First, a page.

Several bugs present in 5.6 are gone; certain shadows no longer become oddly solid, Plasma hasn’t crashed in spite of my most thoughtful attempts, and the task manager works to a satisfactory degree. The VLC issue I mentioned? Gone. Even effects like resizing “Wobbly Windows” is silky smooth. I’ve never seen that before.

There are still bugs.

It’s still not perfect though and you can spot issues, though not anything I would call a “show-stopper” for more regular Wayland usage if you are willing to accept rough edges;

Certain tooltip windows are incorrectly placed and steal window focus. Resizing some wobbly windows doesn’t wobble. Sometimes icons don’t show up in the task manager. Transitioning from the login screen to the desktop wasn’t smooth. Some issues like embedded windows in the System Settings application sticking out, are questionable if you’re looking at a Wayland issue or a System Settings issue.

Those bugs aren’t deal-breakers.

I’m finding nothing that would stymie an early adopter from dogfooding Wayland as a daily driver, and some of these complaints are becoming incredibly nitpicky. “Some windows not wobbling on resize” is not exactly what I would call a deal-breaker. Resizing System Settings to fit its contents didn’t ruin me. About the worst issues were with the new task manager, which is totally new and receiving huge amounts of attention - I wouldn’t be surprised if these issues were mostly fixed already.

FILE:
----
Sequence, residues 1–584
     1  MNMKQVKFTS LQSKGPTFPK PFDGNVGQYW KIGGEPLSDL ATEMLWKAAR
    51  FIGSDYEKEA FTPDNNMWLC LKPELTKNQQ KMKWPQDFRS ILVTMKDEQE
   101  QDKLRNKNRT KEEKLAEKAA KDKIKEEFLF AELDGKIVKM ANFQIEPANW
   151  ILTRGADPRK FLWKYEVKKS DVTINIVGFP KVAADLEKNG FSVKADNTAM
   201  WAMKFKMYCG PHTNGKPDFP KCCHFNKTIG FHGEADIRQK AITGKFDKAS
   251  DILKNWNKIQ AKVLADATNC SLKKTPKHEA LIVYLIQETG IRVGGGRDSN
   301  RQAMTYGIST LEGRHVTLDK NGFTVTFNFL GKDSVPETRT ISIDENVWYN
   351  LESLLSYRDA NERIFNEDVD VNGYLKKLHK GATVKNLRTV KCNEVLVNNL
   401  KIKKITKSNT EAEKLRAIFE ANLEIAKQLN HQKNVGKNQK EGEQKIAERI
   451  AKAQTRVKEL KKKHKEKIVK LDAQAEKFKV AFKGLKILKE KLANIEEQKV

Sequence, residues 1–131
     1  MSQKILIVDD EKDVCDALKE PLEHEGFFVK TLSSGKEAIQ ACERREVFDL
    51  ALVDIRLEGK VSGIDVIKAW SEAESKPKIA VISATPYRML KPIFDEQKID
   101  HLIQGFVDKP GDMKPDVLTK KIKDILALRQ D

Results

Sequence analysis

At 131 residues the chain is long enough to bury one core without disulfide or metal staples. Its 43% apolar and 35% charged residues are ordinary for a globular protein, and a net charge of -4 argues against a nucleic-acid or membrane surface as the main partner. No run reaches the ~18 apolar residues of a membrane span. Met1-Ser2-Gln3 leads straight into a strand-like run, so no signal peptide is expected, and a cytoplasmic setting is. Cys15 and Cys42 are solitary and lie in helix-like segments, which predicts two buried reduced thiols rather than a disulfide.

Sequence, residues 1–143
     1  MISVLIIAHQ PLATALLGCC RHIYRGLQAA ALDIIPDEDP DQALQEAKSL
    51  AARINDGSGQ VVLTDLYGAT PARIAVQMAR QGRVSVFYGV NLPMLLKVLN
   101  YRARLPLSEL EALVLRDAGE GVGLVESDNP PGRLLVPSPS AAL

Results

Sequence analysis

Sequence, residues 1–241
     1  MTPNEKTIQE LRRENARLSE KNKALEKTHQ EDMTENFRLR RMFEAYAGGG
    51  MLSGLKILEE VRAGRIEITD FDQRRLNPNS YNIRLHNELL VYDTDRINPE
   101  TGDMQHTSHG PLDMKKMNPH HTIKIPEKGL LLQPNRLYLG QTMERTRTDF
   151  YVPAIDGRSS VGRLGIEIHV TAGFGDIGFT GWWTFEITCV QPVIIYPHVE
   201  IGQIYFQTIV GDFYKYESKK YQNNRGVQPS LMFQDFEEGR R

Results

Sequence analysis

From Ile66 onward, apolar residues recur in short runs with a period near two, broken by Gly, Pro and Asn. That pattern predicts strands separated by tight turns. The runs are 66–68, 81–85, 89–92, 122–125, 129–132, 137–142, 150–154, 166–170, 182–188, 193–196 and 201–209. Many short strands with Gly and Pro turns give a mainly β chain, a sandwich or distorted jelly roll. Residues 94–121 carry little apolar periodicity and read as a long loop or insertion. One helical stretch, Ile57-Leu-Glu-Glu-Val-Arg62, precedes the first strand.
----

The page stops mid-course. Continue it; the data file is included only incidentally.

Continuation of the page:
All that being said, this is only basic usage on a single-screen laptop. I haven’t tested games or applications which manipulate the mouse in any way, multiple screens, or much else. You’ll want to test your applications thoroughly to ensure they will work, especially if they are using exotic input mechanisms or use embedding.

Since KDE neon updates the moment KDE software is released, this guarantees Plasma 5.7 will land for neon users a few short hours after the release. At that point I genuinely question if I’ll be using X11 on my laptop. Switching back to X after using such a functional Wayland session makes all the tearing and flickers of the ancient beast seem so much more painful.

The elephant in the room

We can’t talk about Neon without acknowledging that Kubuntu is already offering an Ubuntu base, both feeling very similar having fresh LTS releases, and Kubuntu having received Plasma 5.6 via the backports PPA. Every Kubuntu LTS release from this point forward will likely result in some planetary alignment where both distributions will feel extremely similar, and it’s at about this point I imagine most users will be likely to migrate between the two if choosing fresh installations. They will also differ the most towards the end of the LTS lifecycle, where Plasma and applications will be several generations ahead on neon.